Appreciating Hungarian Master Art Forger Elmyr de Hory
Of course, Elmyr de Hory wasn’t his real name. Which explains why, when I asked my Hungarian partner if she’d ever heard of him, she said “that’s not Hungarian”. She was right.
Elmyr de Hory led his entire life by the “Hungarian revolving door” principle.
But de Hory was Hungarian. Born Elemér Albert Hoffmann in Budapest in 1906, and is supposed to have died 70 years later on the Spanish Balearic island of Ibiza.
Hungarians delight in listing the, admittedly startling, number of their countrymen and women who’ve soared to heights of excellence in the world outside the country. Quite rightly.
De Hory exemplifies another kind of Hungarian genius, one that mixes skill, cunning and the survival instinct to make life tap dance to the tune only you hear. This quality is best summed up in an expression taught to me by none other than Robin Marshall, editor of this newspaper.
“A Hungarian is the only person who can go into a revolving door behind you, and come out ahead of you,” he once told me, though he takes no credit for having come up with the idea.
For most of his life, Elmyr de Hory came out of that revolving door well ahead of those who thought they had got one up on him. Until, well, he didn’t. Maybe.
The faker’s faker
He claimed to be an aristocrat whose family had lost their fortune. But it’s most likely de Hory was born into Budapest’s Jewish middle class. He began his art training at Nagybánya, a Hungarian art colony now in Romania, before moving to Paris and studying under Fernand Léger, best known as a certain kind of Cubist.
De Hory’s training put him out of step with the hectic pace of trends in the French art world at that time. This, combined with the Great Depression, meant he struggled to make a living and began to fall foul of the police from the late 1920s onwards.
Returning to Hungary at the start of the Second World War – why, one has to ask – de Hory hooked up with a British journalist suspected of being a spy. He was imprisoned in a Transylvanian prison but, after painting a portrait of the prison camp officer, he was released. Only to be sent to a German concentration camp for being a Jew and homosexual. (Interestingly, evidence suggests that, although de Hory was born Jewish, he was christened Calvinist.) Transferred to a Berlin prison hospital after a beating, de Hory escaped and made his way back to Hungary where, he said, his parents had been killed and their wealth confiscated.
Returning to Paris after the war, de Hory abandoned any attempts to make an honest living when he discovered he could copy the styles of other painters perfectly. After a British woman mistook a pen-and-ink drawing he sold her in 1946 for a Picasso original, de Hory took this as a sign and was off and forging.
In 1947, de Hory bought a one-way ticket to Rio de Janeiro. From there, he travelled to the United States where he stayed for 12 years. In the land of opportunity, de Hory began forging works by Matisse, Modigliani and Renoir using a dazzling array of made-up names.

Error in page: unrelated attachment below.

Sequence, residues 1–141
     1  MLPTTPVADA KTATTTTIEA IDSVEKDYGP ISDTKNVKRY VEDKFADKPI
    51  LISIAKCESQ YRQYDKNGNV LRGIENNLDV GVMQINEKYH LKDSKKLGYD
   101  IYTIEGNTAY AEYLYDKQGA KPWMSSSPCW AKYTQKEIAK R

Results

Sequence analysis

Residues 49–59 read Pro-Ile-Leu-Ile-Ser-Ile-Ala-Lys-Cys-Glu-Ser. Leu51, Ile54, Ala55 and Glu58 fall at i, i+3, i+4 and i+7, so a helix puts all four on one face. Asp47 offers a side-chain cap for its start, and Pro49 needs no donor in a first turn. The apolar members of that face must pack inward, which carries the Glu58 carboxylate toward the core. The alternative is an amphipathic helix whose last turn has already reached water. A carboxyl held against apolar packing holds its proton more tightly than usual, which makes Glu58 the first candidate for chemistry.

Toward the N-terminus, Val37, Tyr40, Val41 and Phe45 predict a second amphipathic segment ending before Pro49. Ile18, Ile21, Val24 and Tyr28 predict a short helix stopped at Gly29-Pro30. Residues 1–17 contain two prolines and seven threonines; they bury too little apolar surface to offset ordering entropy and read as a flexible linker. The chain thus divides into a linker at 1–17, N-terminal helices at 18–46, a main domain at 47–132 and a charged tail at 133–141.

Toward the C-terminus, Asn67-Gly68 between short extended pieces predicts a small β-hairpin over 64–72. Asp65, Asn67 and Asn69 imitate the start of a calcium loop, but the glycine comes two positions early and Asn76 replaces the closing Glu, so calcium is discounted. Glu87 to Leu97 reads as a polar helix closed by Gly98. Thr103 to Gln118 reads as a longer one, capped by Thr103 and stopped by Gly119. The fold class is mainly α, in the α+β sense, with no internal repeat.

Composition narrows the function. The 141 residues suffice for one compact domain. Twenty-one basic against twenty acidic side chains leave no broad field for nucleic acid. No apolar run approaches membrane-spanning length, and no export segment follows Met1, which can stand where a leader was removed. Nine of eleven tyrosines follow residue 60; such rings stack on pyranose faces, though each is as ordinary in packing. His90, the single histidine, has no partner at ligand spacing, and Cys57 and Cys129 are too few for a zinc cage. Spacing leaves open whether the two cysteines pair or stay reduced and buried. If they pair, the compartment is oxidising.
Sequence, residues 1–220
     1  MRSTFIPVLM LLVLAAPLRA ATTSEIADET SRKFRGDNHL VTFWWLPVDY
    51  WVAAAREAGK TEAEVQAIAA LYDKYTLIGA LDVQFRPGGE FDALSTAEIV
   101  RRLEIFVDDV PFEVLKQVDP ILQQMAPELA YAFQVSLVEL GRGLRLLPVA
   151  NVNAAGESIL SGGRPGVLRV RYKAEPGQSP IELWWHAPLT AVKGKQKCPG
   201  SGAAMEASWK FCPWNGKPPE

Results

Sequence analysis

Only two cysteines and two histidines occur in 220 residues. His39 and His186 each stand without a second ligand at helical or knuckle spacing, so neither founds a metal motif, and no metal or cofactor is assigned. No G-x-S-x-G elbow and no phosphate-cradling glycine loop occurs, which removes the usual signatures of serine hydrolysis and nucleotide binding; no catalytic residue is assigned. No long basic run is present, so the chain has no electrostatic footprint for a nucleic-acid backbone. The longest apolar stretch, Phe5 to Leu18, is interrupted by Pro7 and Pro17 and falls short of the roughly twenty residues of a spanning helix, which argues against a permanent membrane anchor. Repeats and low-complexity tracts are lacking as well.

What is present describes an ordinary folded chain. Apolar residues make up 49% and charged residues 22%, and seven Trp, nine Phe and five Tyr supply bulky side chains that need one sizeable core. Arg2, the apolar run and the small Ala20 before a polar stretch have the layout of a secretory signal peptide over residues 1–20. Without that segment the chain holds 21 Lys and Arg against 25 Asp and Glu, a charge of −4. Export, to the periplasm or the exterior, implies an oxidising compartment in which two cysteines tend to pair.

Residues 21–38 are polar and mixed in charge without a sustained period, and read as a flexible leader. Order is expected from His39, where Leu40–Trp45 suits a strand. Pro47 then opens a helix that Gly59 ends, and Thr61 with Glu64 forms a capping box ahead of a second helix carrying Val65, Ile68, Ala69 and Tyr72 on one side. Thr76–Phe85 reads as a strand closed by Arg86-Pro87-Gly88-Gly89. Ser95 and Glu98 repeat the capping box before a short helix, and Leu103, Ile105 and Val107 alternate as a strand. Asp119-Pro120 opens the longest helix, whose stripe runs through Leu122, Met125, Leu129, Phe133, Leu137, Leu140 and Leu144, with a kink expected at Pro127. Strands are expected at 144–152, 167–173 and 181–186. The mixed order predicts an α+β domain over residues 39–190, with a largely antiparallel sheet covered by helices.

He also supposedly struck up a friendship with the legendary Hungarian-born actress Zsa Zsa Gabor.
After he was rumbled by Chicago art dealer Joseph W. Faulkner, de Hory briefly fled to Mexico. Here, he was arrested because of his connection to a suspected murderer. Paying off his lawyer with a forged painting, de Hory returned to the States and discovered his forgeries were being sold for substantial amounts at art galleries that had paid him what he thought was peanuts.
It’s been claimed that de Hory’s forgeries made, in total, USD 50 million.
Suffering from depression, de Hory attempted suicide in 1959. Shortly after this, he met Fernand Legros, an enterprising but deeply unpleasant character. Realizing that de Hory had the potential to be the forger that laid the golden eggs, Legros struck a deal with him. Legros would take on all the risk of selling de Hory’s work in exchange for 40% of the profits.
In reality, Legros was making much more from de Hory’s work and the forger tried to escape him, but they met again in Paris. This time, Legros agreed to pay de Hory USD 400 a month no matter what. Now financially secure, he thought, de Hory moved to Ibiza, then a sunny place for shady people.
Here, de Hory met American writer Clifford Irving who wrote “Fake! The Story of Elmyr de Hory the Greatest Art Forger of Our Time” about him. In a delicious twist, Irving became notorious for his part in forging letters purporting to be from reclusive American tycoon Howard Hughes, which he then used to legitimize his claim that Hughes had authorized him to ghostwrite his autobiography. Irving said he’d received the invitation after Hughs read “Fake!”
Irving confessed to the deceit in 1972 and was imprisoned for 17 months.
The great filmmaker and actor Orson Welles also turned his beady eye on de Hory. His 1973 movie “F for Fake” featured de Hory in all his leaking sawdust glory. It’s available in all its entirety on YouTube and well worth watching.
In 1976, de Hory was informed that the Spanish government had agreed to hand him over to the French to stand trial on fraud charges. According to his long-time companion Mark Forgy – his real name, allegedly – de Hory overdosed on sleeping tablets and died on the way to the hospital.
Probably unsurprisingly, Clifford Irving preferred to believe that de Hory faked his suicide to escape extradition and vanished. I hope he did. It would be the perfect illustration of our editor’s revolving door principle.
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